IMIM & CEXS-UPF: Regulating neuronal membrane lipids could be the key to Alzheimer's and Parkinson's

IMIM & CEXS-UPF: Regulating neuronal membrane lipids could be the key to Alzheimer's and Parkinson's

News from IMIM

A study published in the prestigious journal Scientific Reports from the Nature group demonstrates, for the first time and using computational tools, that polyunsaturated lipids can alter the binding rate of two types of receivers involved in certain nervous system diseases. The work was led by members of the Research Programme on Biomedical Informatics at the IMIM (Hospital del Mar Medical Research Institute) and Pompeu Fabra University as well as researchers from the University of Tampere (Finland), and also involved scientists from the University of Barcelona.

Using latest-generation molecular simulations, which are like “computational microscopes”, the researchers have demonstrated that a decrease in polyunsaturated lipids in neuronal membranes, as seen in Parkinson's and Alzheimer's sufferers, directly affects the binding rate of dopamine and adenosine receptors. These are part of the family of receptors connected to the G protein (GPCR), located in the cell membrane and responsible for transmitting signals to within the cell.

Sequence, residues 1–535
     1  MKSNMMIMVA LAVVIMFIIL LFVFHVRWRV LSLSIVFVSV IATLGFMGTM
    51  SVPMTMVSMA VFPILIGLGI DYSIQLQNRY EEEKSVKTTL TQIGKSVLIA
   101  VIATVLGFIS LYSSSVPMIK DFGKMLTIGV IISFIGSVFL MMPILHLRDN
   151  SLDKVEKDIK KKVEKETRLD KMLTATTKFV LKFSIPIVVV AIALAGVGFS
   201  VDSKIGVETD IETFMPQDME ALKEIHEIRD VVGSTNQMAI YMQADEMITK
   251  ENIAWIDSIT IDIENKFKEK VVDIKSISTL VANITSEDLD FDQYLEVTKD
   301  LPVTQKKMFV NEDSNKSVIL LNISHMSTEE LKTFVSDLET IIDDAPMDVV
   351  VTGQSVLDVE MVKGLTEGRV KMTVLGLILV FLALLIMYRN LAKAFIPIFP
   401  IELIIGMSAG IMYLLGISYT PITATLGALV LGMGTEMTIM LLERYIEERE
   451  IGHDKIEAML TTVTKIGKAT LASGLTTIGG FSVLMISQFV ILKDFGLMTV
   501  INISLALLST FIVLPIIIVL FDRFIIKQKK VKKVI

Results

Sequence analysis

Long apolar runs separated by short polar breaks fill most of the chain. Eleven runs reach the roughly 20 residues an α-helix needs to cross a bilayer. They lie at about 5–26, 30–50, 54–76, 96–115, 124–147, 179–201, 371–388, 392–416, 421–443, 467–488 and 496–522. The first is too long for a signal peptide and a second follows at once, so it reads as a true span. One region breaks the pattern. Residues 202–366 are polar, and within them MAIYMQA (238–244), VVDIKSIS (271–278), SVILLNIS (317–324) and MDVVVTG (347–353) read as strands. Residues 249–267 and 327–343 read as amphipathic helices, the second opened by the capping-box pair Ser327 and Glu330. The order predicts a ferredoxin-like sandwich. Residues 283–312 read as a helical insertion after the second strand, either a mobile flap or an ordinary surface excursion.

According to Jana Selent, a researcher from the PharmacoInformatics group at the IMIM and UPF “It has recently been discovered that the protein complex formed by the binding of dopamine and adenosine receivers, two key GPCRs in diverse cerebral processes, could be a potential therapeutic target in neurodegenerative diseases like Parkinson's and Alzheimer's. Our study suggests that polyunsaturated lipids like DHA are able to modulate the speed at which this protein complex forms, and that could in turn affect its function”.

More information:
IMIM Website

Reference article:
Ramon Guixà-González, Matti Javanainen, Maricel Gómez-Soler, Begoña Cordobilla, Joan Carles Domingo, Ferran Sanz, Manuel Pastor, Francisco Ciruela, Hector Martinez-Seara, Jana Selent. Membrane omega-3 fatty acids modulate the oligomerisation kinetics of adenosine A2A and dopamine D2 receptors. 2016 Scientific Reports 6:19839.